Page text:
MR. COOK: I'm not actually going to get into the details of how that is being conducted. But I think as you got a sense from General Votel, we are in constant communication with our partners, with our coalition members. And in this particular instance, we're using that communication, the various lines of communication we have to try and address the situation, address the concerns that -- that, again, some of our partners and allies have.
Q: I'm trying to figure out, is this a new communication that you're opening or is this part of the communications you already have?
MR. COOK: I think it's fair to say, and I think you got a sense of this from General Votel, that we have stepped up our efforts to make sure that we are addressing the concerns of our partners and members of the coalition, and that is above and beyond what we've been doing previously, given the sensitivity of this situation and the importance, once again, of keeping everyone focused on what matters most, and that is keeping the pressure on ISIL on as many fronts as possible. And that's what we're doing.
Q: Is this part of CJTF OIR or is this sort of unilateral between the Turks and the Kurds and you?
MR. COOK: I -- I think --
MR. COOK: Again, I'll just sort of echo what General Votel said. This is in conjunction with the coalition effort in Syria.
Q: Peter, just briefly back on the Russia claim, a defense official described it to me as “laughable.” Are you calling Russian claim to have taken out Adnani false?
MR. COOK: I'm just telling you, Jim, that we don't have any information to support what the Russians have put forward.
Q: On Turkey, you -- you have these odd conditions where you had U.S.-backed forces on opposite sides of the battlefield for a time. Beyond the kind of short-tern cease-fire, if you want to call it that, what's the long-term plan to clear up the confusion on the battlefield, particularly as Turkey -- with regard to Turkey's role?
MR. COOK: Jim, we're going to continue to work with -- with our ally and coalition partner Turkey. General Votel addressed this yesterday. This is a -- this is a partner we work with closely on a whole range of fronts, including specifically in the -- the counter-ISIL fight.
And this is an important area to the coalition effort, this border area, and we're going to continue to work with Turkey to try and address their concerns -- their legitimate concerns about what's happening along the border. At the same time, keep the focus on ISIL and not be distracted at this -- this really important moment in the campaign, and that's -- we want to keep everyone as laser-focused on ISIL at this moment as we can.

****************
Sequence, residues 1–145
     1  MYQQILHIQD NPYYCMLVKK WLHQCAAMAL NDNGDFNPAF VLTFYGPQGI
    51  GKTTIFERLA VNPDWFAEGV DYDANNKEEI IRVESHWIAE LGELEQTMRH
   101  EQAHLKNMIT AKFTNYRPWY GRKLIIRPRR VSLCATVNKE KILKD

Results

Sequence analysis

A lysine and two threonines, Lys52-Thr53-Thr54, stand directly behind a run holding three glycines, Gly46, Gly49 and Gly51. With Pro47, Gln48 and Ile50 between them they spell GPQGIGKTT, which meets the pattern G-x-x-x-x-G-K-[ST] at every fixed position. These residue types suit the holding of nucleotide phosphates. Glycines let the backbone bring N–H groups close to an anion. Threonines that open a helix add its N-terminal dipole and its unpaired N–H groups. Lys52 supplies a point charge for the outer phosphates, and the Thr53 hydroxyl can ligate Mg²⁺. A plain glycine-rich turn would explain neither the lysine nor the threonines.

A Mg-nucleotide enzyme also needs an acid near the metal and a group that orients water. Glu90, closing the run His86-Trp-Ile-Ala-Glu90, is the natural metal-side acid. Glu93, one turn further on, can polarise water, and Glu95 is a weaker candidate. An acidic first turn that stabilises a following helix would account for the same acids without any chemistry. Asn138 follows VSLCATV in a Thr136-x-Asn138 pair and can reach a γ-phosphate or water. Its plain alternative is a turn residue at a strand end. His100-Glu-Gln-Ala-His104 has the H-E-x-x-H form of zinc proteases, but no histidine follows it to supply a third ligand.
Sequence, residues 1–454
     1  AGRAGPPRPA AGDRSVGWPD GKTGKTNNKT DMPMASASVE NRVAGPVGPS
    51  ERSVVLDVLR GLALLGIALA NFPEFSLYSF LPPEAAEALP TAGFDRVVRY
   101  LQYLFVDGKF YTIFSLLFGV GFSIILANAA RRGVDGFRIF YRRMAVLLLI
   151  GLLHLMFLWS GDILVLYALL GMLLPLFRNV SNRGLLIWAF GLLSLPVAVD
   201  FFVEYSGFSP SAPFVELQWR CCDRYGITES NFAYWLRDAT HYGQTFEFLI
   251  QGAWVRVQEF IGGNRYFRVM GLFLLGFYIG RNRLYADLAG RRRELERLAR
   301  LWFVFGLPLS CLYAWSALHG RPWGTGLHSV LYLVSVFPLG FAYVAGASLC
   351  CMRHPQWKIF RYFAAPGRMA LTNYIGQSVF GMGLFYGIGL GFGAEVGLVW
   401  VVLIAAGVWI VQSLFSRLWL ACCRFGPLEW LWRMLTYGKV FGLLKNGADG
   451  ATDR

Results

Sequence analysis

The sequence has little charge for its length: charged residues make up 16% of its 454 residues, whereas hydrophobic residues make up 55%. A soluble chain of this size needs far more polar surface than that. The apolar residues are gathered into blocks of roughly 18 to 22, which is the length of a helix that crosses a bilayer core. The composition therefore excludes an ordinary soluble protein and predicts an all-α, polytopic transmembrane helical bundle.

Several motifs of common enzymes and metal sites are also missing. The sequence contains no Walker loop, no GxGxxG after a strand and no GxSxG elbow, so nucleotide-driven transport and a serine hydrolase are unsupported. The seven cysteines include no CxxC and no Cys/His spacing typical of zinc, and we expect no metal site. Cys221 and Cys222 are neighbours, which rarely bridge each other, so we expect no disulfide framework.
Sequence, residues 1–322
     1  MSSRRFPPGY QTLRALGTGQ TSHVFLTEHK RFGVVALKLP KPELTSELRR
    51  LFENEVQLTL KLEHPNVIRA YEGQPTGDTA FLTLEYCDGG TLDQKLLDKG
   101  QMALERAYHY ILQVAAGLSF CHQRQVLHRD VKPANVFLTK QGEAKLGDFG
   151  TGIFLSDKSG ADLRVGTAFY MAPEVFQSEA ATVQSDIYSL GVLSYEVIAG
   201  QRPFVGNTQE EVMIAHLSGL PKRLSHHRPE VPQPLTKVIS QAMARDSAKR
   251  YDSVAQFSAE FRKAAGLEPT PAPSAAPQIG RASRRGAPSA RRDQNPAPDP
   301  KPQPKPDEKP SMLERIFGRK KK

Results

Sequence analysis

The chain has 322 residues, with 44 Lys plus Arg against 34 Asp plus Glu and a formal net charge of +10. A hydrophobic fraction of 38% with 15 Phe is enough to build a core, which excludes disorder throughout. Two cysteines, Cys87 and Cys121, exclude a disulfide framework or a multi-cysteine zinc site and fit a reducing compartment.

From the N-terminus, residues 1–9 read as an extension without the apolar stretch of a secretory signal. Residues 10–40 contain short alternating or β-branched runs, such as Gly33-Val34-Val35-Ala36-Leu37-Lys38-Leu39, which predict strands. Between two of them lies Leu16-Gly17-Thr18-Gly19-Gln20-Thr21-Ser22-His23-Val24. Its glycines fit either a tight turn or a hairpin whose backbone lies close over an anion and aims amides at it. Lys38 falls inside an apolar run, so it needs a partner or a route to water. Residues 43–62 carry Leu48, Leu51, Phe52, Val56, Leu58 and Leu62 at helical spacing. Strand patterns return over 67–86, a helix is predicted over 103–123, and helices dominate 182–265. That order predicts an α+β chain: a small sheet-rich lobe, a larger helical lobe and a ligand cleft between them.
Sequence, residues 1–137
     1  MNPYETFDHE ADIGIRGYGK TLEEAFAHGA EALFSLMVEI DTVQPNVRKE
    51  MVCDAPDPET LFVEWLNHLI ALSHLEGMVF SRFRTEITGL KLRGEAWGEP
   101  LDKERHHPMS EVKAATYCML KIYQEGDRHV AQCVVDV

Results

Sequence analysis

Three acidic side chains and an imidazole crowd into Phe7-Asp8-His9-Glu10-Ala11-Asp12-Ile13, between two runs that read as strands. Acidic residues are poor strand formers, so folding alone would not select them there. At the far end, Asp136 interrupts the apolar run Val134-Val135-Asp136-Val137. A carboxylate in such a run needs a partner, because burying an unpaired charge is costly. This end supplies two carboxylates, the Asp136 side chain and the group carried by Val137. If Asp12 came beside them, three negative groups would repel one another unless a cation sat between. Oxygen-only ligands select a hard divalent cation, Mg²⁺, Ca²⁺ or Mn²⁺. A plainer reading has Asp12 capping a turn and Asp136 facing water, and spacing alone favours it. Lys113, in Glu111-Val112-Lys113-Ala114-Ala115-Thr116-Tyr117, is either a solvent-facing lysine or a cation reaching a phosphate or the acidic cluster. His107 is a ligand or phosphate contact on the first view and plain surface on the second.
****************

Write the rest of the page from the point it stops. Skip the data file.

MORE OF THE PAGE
And I think General Votel and our other commanders who are talking to those coalition partners on a regular basis, a daily basis, are -- are doing that and we're hopeful they're going to continue to make progress to keep that focus on ISIL.
Q: Have the Turks communicated to you that keeping the Kurds to the east of the Euphrates is sufficient to keep them happy?
MR. COOK: We will continue to talk to the Turks. I'll leave the Turkish government to speak for itself, but we've -- that's a commitment that the SDF forces have made and we believe it’s a commitment they’re honoring.
Q: Finally, I wonder how you would characterize the relat- I know that you're talking to each other, you're NATO allies, as we know. But there have been a lot of public spats between the U.S. and Turkey, you know, regarding the coup, but the status of Incirlik, et cetera, and leading up to now, this -- this latest disagreement.
What's the state of the U.S.-Turkish military relationship right now?
MR. COOK: This is a -- a stalwart ally of -- of NATO -- a NATO ally. This is a coalition member. This is a country and military that we've had decades of collaboration with. And Jim, there is a lot of residual history here, good history between the United States and Turkey, between our military, this building and the Turkish military.
And we are obviously trying to -- to make sure that those bonds, those ties, continue here as strong as they've been in the past. And there are some challenges with these sensitivities, we understand that. We're working closely with Turkey trying to address those concerns. But they are a vital, vital member of NATO, of course, and a vital member of the -- of the coalition against ISIL, and their help and support for that has been critically important.
And that's why we're working so closely with Turkey to make sure we can address these concerns and keep the focus on ISIL which, again, is the common enemy we all share. And we are at a moment right now where applying that pressure not just in Syria, not just along the border area there, but in Iraq and elsewhere, Libya, Afghanistan, critically important.